Acclaimed Iranian American director Ramin Bahrani, it might appear, was fated to adapt Aravind Adiga’s The White Tiger into a movie.

Adiga and Bahrani have been friends since their undergraduate days in New York City in the mid-1990s. When Adiga’s searing debut novel appeared in 2008, it was dedicated to Bahrani. Adiga is thanked in the credits of many of Bahrani’s films, which include Man Push Cart, Chop Shop, Goodbye Solo and 99 Homes. A decade later, the director is working on a film adaptation of the Booker Prize winner for Netflix.

“We were undergraduate students together at Columbia University, and our friendship has somehow lasted from then until now,” Bahrani told in a phone interview from New York City. “He has always been generous in hearing my ideas, and he has been kind enough to read almost all my screenplays. He is one of the warmest people I know.”

Friendship isn’t the only factor to have worked in Bahrani’s favour. The 43-year-old filmmaker has arguably been working towards The White Tiger since his first movie, Man Push Cart (2005), about a burnt-out Pakistani singer who sells bagels and coffee on the streets of New York City. In all his movies, Bahrani has with uncommon empathy and perspicacity examined the reality of what it means to live on the margins, to cobble together a living from low-paying jobs, to cling on to dreams of a better life.

In Chop Shop (2007), a 12-year-old Latino orphan strives to save money to buy a food truck. Goodbye Solo (2008) traces the unusual relationship between a Senegalese taxi driver and a passenger who appears to be suicidal. In 99 Homes (2014), a construction worker who becomes a victim of foreclosure proceedings chooses an unusual survival strategy to win back his home.

99 Homes (2014).

The planets are perfectly aligned, then, for a big-screen version of Adiga’s savagely funny and immensely sad novel. The events in The White Tiger are narrated in the first person by Balram Halwai, who is born in a village in Bihar (referred to as “The Darkness”). Through a series of letters addressed to Chinese head of state Wen Jiabao, who is visiting India to witness its experiments with globalisation, Balram reveals himself to be a “self-taught entrepreneur” who has gone past a hardscrabble childhood, employment as a chauffeur of a wealthy political fixer in Delhi, and murder and theft to reach his current position of the owner of a taxi service in Bengaluru.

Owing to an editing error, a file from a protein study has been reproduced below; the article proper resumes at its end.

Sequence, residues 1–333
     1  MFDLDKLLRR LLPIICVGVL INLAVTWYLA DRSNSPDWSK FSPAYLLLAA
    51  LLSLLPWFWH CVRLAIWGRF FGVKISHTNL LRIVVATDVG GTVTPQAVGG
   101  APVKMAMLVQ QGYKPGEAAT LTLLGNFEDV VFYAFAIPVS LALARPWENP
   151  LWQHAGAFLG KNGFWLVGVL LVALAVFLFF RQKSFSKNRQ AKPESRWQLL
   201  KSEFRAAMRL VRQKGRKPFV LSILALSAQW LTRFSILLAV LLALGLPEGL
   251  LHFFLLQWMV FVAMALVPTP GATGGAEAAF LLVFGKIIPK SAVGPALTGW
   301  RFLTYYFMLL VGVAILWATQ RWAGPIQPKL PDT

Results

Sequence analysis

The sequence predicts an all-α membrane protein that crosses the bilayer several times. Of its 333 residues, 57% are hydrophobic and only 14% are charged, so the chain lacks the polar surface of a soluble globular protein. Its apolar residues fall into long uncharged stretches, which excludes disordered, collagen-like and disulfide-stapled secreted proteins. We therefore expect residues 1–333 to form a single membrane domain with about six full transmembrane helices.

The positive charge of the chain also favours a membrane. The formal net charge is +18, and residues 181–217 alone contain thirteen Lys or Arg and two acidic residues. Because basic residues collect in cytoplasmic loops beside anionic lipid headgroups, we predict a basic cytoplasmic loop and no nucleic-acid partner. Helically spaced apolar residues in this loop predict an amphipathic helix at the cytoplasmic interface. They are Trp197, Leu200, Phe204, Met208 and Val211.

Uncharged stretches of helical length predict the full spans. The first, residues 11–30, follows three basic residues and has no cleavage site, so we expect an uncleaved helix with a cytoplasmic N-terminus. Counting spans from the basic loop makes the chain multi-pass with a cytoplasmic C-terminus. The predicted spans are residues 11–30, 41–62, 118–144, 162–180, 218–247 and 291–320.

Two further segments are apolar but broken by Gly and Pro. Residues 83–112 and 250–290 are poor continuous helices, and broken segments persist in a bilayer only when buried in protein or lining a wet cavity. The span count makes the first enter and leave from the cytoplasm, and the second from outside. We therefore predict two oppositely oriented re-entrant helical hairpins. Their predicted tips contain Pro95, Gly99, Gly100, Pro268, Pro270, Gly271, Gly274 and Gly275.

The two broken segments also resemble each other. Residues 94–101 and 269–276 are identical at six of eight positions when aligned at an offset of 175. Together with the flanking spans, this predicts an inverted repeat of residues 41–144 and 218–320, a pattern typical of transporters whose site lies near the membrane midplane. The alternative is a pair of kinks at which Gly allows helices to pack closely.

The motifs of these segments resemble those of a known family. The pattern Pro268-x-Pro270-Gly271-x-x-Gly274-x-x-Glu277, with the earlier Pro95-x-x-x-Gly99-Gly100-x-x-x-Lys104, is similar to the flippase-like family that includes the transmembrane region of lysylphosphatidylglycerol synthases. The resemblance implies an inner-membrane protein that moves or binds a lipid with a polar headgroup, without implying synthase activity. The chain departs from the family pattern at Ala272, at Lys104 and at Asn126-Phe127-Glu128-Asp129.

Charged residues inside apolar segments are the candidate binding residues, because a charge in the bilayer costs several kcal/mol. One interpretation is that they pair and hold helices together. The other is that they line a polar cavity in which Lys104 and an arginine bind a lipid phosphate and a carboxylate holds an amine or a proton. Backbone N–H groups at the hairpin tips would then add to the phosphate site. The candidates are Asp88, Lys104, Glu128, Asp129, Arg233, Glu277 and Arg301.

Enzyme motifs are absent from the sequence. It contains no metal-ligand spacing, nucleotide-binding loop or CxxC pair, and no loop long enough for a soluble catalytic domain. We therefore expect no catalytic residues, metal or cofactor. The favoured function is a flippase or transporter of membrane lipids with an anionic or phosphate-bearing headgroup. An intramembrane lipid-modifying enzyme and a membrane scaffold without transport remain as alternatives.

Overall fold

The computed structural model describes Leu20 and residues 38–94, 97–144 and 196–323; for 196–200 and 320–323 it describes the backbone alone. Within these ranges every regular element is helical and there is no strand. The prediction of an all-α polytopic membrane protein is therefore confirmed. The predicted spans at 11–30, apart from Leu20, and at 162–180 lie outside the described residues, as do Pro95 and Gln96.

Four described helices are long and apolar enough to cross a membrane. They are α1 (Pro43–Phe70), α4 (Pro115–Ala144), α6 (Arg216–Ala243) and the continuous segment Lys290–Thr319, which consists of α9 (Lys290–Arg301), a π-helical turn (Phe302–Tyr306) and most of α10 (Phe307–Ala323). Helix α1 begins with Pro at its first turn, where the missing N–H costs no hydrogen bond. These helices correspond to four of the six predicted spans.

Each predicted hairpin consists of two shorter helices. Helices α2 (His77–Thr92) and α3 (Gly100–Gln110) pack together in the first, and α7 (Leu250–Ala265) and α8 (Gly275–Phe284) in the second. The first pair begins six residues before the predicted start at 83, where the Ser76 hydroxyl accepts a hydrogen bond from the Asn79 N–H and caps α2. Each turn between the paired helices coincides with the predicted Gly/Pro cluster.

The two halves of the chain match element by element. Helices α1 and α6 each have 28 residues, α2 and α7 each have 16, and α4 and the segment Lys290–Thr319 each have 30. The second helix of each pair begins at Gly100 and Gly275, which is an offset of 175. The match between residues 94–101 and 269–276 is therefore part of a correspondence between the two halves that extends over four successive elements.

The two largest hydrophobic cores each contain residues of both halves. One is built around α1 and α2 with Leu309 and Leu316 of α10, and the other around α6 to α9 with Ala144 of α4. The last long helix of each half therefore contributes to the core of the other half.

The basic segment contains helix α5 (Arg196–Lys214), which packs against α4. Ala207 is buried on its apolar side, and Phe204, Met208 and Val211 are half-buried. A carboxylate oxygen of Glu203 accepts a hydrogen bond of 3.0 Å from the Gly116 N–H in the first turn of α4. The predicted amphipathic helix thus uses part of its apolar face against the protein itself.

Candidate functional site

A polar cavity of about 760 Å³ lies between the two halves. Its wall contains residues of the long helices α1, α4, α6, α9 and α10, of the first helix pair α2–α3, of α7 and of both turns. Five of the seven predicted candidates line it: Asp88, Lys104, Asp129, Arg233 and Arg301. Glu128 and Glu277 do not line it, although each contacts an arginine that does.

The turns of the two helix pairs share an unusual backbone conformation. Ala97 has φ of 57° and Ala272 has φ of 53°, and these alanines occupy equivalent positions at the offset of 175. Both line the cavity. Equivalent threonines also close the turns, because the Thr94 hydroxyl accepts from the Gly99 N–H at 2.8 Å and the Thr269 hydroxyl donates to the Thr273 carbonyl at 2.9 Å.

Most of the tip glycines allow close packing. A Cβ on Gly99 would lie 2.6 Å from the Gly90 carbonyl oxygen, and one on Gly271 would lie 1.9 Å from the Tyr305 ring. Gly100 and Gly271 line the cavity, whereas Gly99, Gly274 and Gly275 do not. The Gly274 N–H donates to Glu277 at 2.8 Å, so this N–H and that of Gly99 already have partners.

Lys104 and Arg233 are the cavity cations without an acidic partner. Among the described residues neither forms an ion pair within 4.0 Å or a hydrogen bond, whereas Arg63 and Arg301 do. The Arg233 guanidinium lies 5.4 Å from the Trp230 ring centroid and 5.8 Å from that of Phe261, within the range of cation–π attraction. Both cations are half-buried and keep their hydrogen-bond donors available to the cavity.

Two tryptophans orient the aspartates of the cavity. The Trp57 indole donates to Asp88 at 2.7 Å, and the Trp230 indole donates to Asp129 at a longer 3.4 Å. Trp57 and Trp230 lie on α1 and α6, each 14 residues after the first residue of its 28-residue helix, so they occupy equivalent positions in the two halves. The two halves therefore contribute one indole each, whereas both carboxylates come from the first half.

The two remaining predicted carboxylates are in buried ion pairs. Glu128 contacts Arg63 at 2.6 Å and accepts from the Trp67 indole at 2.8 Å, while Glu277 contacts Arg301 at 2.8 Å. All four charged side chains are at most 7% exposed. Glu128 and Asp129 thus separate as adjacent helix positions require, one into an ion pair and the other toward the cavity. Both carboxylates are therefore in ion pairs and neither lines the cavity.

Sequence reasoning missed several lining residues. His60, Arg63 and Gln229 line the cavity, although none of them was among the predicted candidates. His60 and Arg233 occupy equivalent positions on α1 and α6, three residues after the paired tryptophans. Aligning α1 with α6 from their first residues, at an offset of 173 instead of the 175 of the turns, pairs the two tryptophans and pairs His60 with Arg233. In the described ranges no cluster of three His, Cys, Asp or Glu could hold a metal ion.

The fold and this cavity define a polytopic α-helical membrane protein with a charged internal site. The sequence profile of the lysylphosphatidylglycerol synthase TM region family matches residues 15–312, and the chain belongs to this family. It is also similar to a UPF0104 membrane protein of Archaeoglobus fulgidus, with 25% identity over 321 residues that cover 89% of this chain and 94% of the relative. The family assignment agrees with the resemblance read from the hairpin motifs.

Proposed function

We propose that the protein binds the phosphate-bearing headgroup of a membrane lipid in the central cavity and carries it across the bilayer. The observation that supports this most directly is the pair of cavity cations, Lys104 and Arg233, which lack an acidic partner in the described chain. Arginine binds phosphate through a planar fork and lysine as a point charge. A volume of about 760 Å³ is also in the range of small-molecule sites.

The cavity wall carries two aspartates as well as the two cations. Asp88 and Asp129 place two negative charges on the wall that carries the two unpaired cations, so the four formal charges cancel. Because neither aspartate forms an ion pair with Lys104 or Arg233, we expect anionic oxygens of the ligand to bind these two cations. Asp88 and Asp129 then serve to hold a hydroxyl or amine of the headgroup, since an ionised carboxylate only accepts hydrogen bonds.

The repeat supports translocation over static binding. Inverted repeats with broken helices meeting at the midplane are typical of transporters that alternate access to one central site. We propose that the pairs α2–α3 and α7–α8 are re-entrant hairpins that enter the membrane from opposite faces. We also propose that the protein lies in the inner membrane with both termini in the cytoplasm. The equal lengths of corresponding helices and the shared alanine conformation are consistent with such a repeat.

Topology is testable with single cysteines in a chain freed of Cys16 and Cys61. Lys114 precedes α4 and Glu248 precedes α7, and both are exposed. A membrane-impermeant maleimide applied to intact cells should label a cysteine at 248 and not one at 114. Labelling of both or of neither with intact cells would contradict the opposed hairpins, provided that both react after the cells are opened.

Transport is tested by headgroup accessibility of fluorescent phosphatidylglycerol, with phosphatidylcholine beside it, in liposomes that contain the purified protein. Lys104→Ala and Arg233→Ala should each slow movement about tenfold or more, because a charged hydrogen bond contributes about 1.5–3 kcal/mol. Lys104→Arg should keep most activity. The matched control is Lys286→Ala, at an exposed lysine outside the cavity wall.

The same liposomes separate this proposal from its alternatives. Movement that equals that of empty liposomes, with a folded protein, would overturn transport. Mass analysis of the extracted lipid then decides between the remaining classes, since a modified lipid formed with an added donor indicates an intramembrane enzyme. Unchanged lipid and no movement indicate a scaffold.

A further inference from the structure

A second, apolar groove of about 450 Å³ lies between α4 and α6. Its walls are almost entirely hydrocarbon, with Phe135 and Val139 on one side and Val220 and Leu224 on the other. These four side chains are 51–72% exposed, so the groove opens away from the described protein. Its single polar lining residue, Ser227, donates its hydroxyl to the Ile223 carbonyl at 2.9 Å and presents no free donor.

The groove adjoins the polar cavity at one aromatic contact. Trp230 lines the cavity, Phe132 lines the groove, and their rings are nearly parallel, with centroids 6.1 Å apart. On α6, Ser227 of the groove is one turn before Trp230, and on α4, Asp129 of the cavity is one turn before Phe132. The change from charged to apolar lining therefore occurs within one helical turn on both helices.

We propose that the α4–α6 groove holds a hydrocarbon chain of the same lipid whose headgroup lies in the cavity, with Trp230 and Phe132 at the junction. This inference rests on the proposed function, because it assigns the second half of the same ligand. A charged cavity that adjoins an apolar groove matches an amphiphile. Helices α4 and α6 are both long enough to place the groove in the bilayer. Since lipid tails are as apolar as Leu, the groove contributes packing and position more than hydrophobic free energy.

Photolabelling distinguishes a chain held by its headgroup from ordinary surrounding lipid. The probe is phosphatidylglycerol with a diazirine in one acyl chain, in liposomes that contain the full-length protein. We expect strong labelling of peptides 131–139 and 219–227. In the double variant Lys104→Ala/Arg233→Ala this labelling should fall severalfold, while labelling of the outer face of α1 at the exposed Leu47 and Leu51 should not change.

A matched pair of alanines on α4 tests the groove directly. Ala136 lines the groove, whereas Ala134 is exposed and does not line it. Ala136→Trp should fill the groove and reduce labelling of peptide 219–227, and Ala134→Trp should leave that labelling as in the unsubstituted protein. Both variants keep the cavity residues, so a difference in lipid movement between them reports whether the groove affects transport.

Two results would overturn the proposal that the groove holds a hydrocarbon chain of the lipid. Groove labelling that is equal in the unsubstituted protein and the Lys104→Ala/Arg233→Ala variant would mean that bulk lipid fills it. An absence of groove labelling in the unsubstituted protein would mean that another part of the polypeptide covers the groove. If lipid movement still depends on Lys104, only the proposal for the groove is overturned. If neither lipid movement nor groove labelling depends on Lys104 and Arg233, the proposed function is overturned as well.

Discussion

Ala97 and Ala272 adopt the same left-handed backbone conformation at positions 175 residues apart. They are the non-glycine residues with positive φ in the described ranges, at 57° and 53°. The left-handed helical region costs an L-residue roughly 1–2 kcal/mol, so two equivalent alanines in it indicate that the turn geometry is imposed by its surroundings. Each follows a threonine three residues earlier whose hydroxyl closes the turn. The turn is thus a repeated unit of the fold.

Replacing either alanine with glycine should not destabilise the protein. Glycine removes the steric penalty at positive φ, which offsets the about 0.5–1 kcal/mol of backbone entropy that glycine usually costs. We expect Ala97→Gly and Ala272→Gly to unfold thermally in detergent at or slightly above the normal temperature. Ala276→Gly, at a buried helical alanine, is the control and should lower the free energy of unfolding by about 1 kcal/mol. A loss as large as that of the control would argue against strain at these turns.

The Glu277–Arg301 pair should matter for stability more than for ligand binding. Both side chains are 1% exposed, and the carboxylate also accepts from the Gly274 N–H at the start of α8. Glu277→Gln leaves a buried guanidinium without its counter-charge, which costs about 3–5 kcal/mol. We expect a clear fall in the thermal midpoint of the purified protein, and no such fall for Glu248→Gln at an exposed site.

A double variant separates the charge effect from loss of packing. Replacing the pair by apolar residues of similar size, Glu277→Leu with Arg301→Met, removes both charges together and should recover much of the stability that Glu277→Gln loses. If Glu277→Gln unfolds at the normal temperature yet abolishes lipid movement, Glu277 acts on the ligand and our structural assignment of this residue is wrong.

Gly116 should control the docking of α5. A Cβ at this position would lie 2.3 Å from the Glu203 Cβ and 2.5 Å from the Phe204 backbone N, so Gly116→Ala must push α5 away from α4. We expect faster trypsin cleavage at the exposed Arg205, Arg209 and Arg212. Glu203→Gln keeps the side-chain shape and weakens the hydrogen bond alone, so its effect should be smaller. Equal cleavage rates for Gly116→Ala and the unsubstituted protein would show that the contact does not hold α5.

Adiga takes a scalpel to the themes of caste and class, institutionalised poverty and the feudal culture that creates “fully formed fellows” who “wear nice suits, join companies, and take orders from other men for the rest of their lives” as well as “half-baked entrepreneurs” like Balram Halwai, who knows all too well how to manipulate a system broken down by decades of unrelenting cruelty towards those on the margins.

“I remember reading the first draft, and it was very good even in its rough stage,” Bahrani said The White Tiger. “I have felt that about all of Aravind’s work – he is always trying to write something new all the time, never repeats himself, and is always trying to push himself.”

The novel has a richly cinematic quality, and is bursting with vivid images and pungent writing. “I shouldn’t talk too much about the screenplay, it’s still very early in the process,” Bahrani said. “What I can say is that since the book is so good, my rule will be to be close to what Aravind has written and only change things that need to be changed to fit into a screenplay format. You do have to make cuts in an adaptation, and everything won’t translate for the screen, but I am staying close to the book.”

Bahrani will be visiting India to scout for talent and locations after wrapping up an HBO production of Fahrenheit 451, Ray Bradbury’s dystopian novel about a future society in which books are burnt in an attempt to destroy knowledge. The 1953 novel was previously adapted as a movie by Francois Truffaut in 1966. Bahrani’s version stars Michael B Jordan, Sofia Boutella, Michael Shannon and Lilly Singh, and will be premiered at the Cannes Film Festival in May.

The White Tiger is likely to be shot in Delhi and Bengaluru, and will use both English and Hindi. Bahrani will cast professional actors as well as non-actors, as he has done in the past. “In 99 Homes, for instance, there were Michael Shannon and Andrew Garfield as well as lots of non-actors and new actors,” Bahrani pointed out. “The project afforded me the ability to do that. It didn’t make sense for Fahrenheit 451, but with The White Tiger, I can mix both.”